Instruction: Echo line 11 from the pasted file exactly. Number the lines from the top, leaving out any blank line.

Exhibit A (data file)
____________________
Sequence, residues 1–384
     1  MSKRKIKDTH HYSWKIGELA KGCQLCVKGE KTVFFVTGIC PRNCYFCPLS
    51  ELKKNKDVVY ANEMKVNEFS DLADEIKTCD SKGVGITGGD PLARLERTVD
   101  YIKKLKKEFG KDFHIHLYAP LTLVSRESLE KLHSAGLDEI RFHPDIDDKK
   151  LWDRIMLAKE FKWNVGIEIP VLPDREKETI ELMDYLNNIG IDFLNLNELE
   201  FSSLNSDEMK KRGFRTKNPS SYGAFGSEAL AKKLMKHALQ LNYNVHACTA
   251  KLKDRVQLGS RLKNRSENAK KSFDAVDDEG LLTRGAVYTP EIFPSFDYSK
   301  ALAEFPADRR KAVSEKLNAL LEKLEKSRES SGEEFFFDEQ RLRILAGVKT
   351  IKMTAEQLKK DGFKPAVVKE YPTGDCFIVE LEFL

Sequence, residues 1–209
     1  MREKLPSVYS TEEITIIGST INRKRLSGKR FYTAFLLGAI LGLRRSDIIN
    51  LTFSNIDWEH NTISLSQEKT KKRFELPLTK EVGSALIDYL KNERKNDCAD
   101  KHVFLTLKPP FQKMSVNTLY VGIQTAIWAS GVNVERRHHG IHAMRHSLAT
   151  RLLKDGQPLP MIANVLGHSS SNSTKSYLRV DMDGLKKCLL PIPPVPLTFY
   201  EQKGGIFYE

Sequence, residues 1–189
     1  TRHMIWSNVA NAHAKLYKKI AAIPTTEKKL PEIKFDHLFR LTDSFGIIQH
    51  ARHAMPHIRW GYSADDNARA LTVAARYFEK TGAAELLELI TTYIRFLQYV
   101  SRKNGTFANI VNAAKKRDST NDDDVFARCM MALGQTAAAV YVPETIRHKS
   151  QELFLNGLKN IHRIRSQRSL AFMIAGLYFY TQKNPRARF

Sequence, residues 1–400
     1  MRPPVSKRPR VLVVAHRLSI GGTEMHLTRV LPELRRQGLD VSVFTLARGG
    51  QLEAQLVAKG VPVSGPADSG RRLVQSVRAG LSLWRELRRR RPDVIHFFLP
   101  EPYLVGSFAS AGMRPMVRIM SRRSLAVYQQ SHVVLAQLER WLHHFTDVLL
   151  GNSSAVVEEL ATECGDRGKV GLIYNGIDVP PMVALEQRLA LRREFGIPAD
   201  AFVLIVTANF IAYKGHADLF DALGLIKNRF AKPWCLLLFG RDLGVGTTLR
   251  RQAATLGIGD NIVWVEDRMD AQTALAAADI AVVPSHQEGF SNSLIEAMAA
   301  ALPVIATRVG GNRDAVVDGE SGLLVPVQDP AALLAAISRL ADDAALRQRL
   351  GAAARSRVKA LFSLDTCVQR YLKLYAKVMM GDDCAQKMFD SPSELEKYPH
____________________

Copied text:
     1  MREKLPSVYS TEEITIIGST INRKRLSGKR FYTAFLLGAI LGLRRSDIIN